DIRECTED BY: Alejandro Jodorowsky
FEATURING: Sergio Kleiner, Diana Mariscal
PLOT: Fando carts and carries his paralyzed lover Lis across a ravaged landscape searching for the legendary city Tar.
WHY IT MIGHT MAKE THE LIST: If you’ve ever seen a Jodorowsky movie before, you know what to expect. Fando y Lis is a parade of fantastical, shocking imagery, including snakes that penetrate a baby doll and a man who begs for blood (he extracts a donation with a syringe and drinks it from a brandy snifter). That said, Fando & Lis is one of the least of Jodorwosky’s works, an early curiosity that is thoroughly weird, but not strongly conceived enough to make the List on the first ballot. (Plus, Jodo’s so well-represented here already we don’t feel at all bad about the possibility of leaving one movie off).
COMMENTS: Fando y Lis begins with a woman eating flowers while a siren wails. Later we will learn she is the paraplegic Lis, whose lover Fando will cart her across a bizarre post-apocalyptic landscape searching for the mystical city of Tar. Along the way they encounter a man playing a burning piano, mud zombies, a transvestite parade, and a gang of female bowlers led by a dominatrix, among other absurdities. There will also be flashbacks to both Fando and Lis’ childhoods, and unrelated fantasy sequences of the actors goofing around (posing in a graveyard, and painting their characters’ names on each other). And there’s quite a few more transgressions, both beautiful and clumsy, to be found in this rambling, overstuffed avant-garde experiment. Although Jodorowsky comes from an older bohemian tradition, at times Fando y Lis plays like something made by Mexican hippies, improvising scenes with random props in between hashish tokes.
The “spiritual journey” structure makes for an episodic film, but the ideas aren’t as stunningly realized or obsessively detailed as The Holy Mountain. Here, Jodorowsky has found, but not perfected, his unique voice: it’s as if he’s working with individual sentences, rather than complete paragraphs. It would have helped the movie feel more coherent and unified if the relationship between Fando and Lis was better done, but their dynamic is unpleasant. They unconvincingly profess eternal love for each other, but Fando is much better at conveying his irritation and annoyance at having to carry Lis everywhere, while her character is reduced to desperate, pathetic whining for most of the film.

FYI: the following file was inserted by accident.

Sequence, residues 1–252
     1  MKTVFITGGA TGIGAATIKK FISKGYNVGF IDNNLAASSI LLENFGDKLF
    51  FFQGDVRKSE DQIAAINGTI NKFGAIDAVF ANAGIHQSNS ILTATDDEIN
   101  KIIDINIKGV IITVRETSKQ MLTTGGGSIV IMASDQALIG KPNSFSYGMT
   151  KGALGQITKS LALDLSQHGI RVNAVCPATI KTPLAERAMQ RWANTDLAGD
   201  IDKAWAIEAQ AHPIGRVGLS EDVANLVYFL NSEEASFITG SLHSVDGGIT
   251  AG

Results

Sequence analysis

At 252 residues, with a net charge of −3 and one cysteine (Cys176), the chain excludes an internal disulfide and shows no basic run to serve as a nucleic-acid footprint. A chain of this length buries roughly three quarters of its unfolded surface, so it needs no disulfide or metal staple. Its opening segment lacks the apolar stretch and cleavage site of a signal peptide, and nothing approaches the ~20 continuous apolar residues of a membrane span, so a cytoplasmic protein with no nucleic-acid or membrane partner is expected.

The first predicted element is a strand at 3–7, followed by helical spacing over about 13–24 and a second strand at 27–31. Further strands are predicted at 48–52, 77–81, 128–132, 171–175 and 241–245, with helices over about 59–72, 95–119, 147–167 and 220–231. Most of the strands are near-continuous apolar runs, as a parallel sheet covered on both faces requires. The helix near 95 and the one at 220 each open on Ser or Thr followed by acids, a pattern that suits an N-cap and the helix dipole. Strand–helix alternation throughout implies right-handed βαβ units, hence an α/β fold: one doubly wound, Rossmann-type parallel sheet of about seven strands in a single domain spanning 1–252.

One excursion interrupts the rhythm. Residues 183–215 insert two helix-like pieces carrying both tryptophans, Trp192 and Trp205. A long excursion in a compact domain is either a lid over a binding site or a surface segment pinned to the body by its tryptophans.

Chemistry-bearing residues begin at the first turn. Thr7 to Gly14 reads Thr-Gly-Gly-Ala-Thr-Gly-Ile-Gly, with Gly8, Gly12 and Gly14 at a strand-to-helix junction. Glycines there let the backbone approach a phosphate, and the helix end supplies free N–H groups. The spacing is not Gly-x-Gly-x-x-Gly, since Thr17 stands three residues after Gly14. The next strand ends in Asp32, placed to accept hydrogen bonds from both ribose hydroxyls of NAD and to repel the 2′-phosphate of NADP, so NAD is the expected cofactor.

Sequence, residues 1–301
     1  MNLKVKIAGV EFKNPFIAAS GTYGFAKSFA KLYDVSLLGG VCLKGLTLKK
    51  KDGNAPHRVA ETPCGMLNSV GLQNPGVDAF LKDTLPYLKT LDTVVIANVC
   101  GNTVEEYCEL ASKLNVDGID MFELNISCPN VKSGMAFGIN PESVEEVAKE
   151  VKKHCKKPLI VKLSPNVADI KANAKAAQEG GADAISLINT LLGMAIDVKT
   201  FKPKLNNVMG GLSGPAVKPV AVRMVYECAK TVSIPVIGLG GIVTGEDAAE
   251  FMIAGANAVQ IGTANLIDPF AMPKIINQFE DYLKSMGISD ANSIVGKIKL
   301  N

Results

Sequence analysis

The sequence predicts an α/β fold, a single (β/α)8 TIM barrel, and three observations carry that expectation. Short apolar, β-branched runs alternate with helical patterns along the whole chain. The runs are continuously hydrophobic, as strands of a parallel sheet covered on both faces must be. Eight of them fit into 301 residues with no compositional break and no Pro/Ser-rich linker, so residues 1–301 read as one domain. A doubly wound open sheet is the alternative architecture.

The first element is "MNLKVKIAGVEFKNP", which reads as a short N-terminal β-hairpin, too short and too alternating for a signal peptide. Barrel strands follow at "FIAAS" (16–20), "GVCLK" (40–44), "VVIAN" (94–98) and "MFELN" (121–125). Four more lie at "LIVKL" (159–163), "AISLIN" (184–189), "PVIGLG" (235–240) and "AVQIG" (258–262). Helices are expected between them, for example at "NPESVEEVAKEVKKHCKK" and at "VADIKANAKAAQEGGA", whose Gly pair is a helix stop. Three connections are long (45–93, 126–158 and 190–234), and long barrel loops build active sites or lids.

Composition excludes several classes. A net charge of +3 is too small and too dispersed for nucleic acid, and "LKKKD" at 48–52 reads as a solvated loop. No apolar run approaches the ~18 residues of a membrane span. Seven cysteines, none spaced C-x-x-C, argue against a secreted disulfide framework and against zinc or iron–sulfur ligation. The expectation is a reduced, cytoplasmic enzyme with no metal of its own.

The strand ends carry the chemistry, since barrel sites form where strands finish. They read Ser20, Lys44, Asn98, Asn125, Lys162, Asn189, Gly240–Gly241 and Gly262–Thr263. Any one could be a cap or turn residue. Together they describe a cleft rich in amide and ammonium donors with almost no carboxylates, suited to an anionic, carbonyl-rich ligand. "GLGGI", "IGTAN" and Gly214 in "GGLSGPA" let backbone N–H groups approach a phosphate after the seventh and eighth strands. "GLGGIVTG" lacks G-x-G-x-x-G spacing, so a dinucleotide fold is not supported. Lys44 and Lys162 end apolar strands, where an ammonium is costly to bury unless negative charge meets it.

In 1962 Jodorowsky, Fernando Arrabal and El Topo; Fando wasn’t even a filmography entry. It wasn’t until 2003 that a DVD of this early work suddenly popped up., feeling that Andre Breton and the old guard Surrealists had lost their edge and were no longer extreme enough in their embrace of absurdity, founded the Panic movement, which was mostly an experimental theater group. Fando & Lis was originally a play from this school, written by Arrabal and staged by Jodorowsky. This movie adaptation is not intended to be faithful; Jodorowsky instead described it as based on his memories of the play. When Fando y Lis premiered at the Acapulco Film Festival in 1968 it caused a riot (presumably due to its abundant nudity and mildly sacrilegious content) and was subsequently banned in Mexico. The film basically disappeared for years. Discovering Jodorowsky in the early 90s, when his films were only available in bootleg VHS versions, I was unaware that he had made a movie before
WHAT THE CRITICS SAY:
“… pothead vaudeville all the way… A tumultuous cause celebre at festivals, it paved the way for the director’s rise from small-time poseur to big-time poseur with El Topo a few years later.”–Fernando F. Croce, Cinepassion
(This movie was nominated for review by “Zelenc” who called it a “must see film.” Suggest a weird movie of your own here.)